Sexuality should not hinder conversation
How do you choose between omission and telling the truth in its entirety?
Some might say that’s an easy decision because they believe honesty is the best policy, which is fair enough — but what if telling the truth meant potentially losing the respect of a friend, co-worker, teacher, acquaintance or mentor?
I’m talking about an experience I have almost every time I meet someone who asks a lot of questions or every time someone I already know wants to know me better. The subject of discussion: parents.
My parents were divorced by the time I was 5 or 6, and my father has been out of the picture since. When I was 17, my mother kicked me out of her home. For her, it was easy to choose her abusive boyfriend over the last two children she hadn’t shut out.
But I was determined to finish at the high school I started at, so I spent senior year alternately living with my best friend and my sister and her wife.
That’s when it started.
As soon as the words “and her wife” slipped out of my mouth, I could watch a switch flip on or off behind that person’s face. It was an almost imperceptible change, but I could always tell. I’d watch their face fall ever so slightly and become plastered with a polite façade as they tried to extract themselves from the conversation. I honestly would feel like I had lost their respect because I’d simply mentioned it. The mere topic of homosexuality can do that to people.
But sometimes, the switch stayed on. The person would smile and nod with a mix of understanding and what I can most closely identify as pity. The difference is that no matter what feelings he or she has about “my situation,” the person still seemed to be fazed by the fact that my sister is homosexual.
To this day, I’m offended every time it happens. Sometimes people will imply that a homosexual couple isn’t capable of taking care of a child. I feel slighted; I wasn’t given a chance to explain that I’m better taken care of by my sister than I was by my own mother. No one stopped to ask about how my sister did things for us throughout our lives our mother forgot. How could it possibly be better to assume something about my guardians than to just ask me?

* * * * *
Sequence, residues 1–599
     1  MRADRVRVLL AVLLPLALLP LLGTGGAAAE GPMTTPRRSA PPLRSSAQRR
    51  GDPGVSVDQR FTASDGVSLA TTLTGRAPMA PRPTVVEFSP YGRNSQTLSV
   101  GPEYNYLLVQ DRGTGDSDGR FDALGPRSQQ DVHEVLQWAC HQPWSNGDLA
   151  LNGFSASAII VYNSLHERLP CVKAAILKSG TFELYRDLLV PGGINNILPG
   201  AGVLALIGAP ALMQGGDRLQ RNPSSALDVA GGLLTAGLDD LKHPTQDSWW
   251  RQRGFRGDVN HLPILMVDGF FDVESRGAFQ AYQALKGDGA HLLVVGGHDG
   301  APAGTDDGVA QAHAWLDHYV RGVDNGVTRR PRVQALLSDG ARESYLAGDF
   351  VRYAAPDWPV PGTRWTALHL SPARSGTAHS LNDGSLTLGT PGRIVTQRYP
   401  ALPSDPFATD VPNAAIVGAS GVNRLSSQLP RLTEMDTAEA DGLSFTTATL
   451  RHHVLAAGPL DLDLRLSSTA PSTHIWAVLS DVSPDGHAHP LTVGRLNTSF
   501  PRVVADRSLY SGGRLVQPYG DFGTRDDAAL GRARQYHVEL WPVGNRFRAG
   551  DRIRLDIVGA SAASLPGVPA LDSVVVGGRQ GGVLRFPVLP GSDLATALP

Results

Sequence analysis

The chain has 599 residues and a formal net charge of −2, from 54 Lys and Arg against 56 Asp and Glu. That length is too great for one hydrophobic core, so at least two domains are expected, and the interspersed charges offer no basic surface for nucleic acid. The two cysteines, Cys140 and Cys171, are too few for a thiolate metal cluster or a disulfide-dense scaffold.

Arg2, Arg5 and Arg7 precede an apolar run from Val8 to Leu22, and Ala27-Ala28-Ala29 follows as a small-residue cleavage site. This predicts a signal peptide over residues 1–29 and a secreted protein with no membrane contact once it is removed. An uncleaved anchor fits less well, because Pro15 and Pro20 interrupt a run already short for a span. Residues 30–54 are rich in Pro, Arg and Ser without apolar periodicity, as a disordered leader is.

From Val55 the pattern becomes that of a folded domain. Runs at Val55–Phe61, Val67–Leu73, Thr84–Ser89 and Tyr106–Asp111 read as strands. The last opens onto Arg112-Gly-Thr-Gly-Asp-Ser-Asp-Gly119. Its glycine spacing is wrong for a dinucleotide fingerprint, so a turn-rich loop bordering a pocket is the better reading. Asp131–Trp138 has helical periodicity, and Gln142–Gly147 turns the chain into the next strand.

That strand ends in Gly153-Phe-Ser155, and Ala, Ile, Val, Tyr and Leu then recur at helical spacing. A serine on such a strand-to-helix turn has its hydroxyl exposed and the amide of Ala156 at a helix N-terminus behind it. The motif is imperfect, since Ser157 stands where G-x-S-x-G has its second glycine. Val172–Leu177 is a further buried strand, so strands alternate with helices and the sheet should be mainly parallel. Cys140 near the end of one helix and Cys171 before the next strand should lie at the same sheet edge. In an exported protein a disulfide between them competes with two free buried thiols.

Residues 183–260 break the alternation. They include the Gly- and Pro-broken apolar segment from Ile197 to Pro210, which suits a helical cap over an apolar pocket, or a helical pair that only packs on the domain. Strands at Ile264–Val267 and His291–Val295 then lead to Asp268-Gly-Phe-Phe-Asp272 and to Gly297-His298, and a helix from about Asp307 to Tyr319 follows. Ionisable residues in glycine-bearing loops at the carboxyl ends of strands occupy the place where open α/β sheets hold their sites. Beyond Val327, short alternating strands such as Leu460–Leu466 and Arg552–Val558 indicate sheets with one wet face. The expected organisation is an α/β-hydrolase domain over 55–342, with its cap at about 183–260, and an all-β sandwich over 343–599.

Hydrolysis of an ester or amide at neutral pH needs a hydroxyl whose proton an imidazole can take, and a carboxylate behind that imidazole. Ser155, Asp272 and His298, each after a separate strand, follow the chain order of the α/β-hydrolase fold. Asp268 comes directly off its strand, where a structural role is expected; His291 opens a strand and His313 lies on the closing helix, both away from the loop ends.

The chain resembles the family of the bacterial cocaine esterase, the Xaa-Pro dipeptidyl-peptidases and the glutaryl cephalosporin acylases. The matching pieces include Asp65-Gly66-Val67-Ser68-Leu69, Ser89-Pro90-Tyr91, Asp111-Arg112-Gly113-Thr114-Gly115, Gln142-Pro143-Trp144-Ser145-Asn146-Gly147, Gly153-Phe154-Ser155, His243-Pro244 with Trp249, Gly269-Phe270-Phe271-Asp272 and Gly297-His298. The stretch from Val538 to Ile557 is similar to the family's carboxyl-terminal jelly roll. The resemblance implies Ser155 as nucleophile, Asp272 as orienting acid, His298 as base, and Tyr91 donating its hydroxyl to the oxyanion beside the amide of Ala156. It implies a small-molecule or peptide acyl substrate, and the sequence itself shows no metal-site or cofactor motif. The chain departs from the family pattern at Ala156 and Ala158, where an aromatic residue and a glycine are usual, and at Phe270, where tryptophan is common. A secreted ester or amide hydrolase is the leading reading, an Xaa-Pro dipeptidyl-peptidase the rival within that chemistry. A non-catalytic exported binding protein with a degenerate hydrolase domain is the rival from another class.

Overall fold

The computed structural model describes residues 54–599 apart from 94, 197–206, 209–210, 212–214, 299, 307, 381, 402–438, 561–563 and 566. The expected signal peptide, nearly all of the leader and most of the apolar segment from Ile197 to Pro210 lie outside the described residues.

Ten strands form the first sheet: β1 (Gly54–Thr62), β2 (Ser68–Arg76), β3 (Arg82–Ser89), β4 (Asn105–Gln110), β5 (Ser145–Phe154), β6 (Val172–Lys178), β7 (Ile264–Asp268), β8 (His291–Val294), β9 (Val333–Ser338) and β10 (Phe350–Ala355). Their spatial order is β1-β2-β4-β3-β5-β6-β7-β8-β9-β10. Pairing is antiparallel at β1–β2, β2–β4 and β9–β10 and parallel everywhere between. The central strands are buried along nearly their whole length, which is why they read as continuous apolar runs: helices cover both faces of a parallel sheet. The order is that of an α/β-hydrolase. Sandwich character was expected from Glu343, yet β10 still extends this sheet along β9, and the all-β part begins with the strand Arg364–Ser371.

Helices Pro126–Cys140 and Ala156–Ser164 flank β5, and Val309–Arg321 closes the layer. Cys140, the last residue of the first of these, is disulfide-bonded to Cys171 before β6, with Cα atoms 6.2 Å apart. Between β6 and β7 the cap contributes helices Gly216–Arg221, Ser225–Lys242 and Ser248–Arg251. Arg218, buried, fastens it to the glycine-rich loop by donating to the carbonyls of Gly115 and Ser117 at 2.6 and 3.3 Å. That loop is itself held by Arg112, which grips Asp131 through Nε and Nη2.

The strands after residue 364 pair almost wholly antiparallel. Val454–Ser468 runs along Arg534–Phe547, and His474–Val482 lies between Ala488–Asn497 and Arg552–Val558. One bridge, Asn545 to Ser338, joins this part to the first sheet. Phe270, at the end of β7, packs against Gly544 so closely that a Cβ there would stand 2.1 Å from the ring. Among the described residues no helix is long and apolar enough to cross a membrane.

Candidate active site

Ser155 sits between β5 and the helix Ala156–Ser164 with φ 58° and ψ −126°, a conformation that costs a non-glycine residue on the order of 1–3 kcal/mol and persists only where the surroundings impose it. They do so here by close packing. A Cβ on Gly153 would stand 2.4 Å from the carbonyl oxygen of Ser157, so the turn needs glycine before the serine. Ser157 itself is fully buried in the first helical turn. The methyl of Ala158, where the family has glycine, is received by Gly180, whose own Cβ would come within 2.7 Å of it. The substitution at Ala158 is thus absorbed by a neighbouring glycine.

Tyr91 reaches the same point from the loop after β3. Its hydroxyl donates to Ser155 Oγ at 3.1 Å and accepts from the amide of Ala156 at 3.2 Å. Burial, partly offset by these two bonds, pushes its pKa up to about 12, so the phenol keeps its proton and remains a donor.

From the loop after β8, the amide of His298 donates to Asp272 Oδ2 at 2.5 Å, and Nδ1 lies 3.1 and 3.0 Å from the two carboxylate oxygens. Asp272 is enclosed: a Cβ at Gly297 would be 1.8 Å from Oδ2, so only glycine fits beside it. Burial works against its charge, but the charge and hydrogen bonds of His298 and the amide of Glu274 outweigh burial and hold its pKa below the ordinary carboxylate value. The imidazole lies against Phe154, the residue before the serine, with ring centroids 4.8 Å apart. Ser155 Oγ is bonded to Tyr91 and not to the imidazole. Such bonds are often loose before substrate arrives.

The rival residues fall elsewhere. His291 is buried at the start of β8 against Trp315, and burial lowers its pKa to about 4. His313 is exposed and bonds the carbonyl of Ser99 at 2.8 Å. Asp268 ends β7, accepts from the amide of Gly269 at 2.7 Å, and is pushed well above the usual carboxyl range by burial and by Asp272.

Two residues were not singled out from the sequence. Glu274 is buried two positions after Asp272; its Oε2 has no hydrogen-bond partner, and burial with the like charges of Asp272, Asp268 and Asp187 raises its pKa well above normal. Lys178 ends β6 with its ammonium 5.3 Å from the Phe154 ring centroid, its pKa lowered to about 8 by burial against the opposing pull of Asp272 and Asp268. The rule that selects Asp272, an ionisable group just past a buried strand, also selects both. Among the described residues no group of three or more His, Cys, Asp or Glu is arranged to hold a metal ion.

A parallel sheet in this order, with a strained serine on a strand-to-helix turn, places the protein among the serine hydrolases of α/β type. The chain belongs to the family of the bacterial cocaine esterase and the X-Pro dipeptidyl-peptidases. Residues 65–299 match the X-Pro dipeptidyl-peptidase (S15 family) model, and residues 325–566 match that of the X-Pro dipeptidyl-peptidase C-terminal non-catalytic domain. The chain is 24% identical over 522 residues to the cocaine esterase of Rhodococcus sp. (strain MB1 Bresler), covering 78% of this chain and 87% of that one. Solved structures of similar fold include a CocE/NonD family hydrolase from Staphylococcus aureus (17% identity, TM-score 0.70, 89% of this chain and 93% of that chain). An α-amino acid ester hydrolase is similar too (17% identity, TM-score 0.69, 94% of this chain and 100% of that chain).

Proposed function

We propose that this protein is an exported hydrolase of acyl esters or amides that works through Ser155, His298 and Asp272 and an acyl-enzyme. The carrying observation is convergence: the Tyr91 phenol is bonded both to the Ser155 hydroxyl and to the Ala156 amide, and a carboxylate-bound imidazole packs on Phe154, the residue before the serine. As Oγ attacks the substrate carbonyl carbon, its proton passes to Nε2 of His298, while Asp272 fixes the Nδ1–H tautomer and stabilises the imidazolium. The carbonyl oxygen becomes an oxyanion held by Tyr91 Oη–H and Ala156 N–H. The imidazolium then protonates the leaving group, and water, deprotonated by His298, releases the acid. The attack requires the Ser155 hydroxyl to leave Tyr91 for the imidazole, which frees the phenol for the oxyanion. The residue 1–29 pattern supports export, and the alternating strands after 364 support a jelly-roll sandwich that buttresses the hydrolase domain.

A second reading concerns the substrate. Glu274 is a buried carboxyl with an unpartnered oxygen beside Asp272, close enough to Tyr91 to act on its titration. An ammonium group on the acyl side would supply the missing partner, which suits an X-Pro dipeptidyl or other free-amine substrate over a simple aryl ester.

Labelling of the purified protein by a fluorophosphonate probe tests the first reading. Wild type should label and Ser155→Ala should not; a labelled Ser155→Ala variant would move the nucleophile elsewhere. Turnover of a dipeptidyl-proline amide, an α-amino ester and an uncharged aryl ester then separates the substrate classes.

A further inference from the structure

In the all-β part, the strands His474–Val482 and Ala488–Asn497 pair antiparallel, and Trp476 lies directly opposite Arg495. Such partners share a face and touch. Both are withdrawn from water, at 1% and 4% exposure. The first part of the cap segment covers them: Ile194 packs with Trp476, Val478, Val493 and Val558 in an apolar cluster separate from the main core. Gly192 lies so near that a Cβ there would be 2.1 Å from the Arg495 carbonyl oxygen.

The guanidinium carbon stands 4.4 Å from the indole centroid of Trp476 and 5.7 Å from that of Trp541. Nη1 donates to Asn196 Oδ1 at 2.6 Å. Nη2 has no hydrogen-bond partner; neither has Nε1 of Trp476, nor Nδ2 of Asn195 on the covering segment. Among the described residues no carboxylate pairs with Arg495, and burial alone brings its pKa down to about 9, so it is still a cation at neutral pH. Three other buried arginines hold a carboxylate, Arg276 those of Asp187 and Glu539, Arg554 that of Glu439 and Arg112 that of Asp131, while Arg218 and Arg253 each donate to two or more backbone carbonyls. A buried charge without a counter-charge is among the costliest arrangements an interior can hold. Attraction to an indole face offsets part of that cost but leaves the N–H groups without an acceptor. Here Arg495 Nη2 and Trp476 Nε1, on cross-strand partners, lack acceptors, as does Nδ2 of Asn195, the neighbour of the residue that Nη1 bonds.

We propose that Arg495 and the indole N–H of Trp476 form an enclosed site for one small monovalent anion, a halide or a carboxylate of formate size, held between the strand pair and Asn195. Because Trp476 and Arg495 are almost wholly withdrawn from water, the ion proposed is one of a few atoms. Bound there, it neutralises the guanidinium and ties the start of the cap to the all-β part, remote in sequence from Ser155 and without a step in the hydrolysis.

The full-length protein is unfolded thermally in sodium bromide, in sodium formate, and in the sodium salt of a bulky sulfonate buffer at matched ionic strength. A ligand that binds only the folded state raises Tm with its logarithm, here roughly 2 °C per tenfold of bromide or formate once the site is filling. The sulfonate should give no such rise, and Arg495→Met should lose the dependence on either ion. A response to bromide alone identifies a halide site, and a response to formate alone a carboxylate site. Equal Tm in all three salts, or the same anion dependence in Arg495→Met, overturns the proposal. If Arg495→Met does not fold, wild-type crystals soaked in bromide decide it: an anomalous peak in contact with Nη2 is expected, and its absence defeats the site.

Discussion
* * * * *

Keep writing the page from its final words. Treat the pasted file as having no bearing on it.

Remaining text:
But underneath that feeling, I am fascinated. That switch has got my attention. It can be best described as the moment you realize you are different from someone else, and a gut-based barrier comes up. Does it exist in every person? I have no way of knowing. I do know that if you have that switch, maybe it’s not as embedded as you think. Maybe, regardless of your opinion on homosexuality, you don’t have to turn it off. You don’t have to choose to let it stand between you and another person.
This reaction doesn’t only apply to the mention of being homosexual, and I’m sure I’m not the only person it’s ever happened to.
Have you ever considered that it doesn’t matter? A circumstantial piece of information shouldn’t be the reason you feel differently about my family or myself. You also should consider that because your mind clicked off after I said “and her wife,” you don’t know anything else about me. I realize this phrase can be hard to quickly adjust to. It might be momentarily shocking to hear it in context.
But if you stop caring or paying attention, you might not realize that we have a million things in common. Or that maybe we went to neighboring high schools, or we love the same TV show. You won’t know any of that because you’re hung up on “the gay thing.”
The minute you judge someone based on face value is the minute you lose a connection. Instead, try acceptance.
Next time you are faced with a person with a different lifestyle or background from yourself, don’t stop thinking. Try to get past something you don’t agree with. Just remember, if you meet people who are different from yourself — and you will — disagreements are inevitable. And since we are all unique beings who share a limited amount of similarities, you might have just found yourself a debate partner.
Sierra Lay is a journalism freshman. Reach her at firstname.lastname@example.org.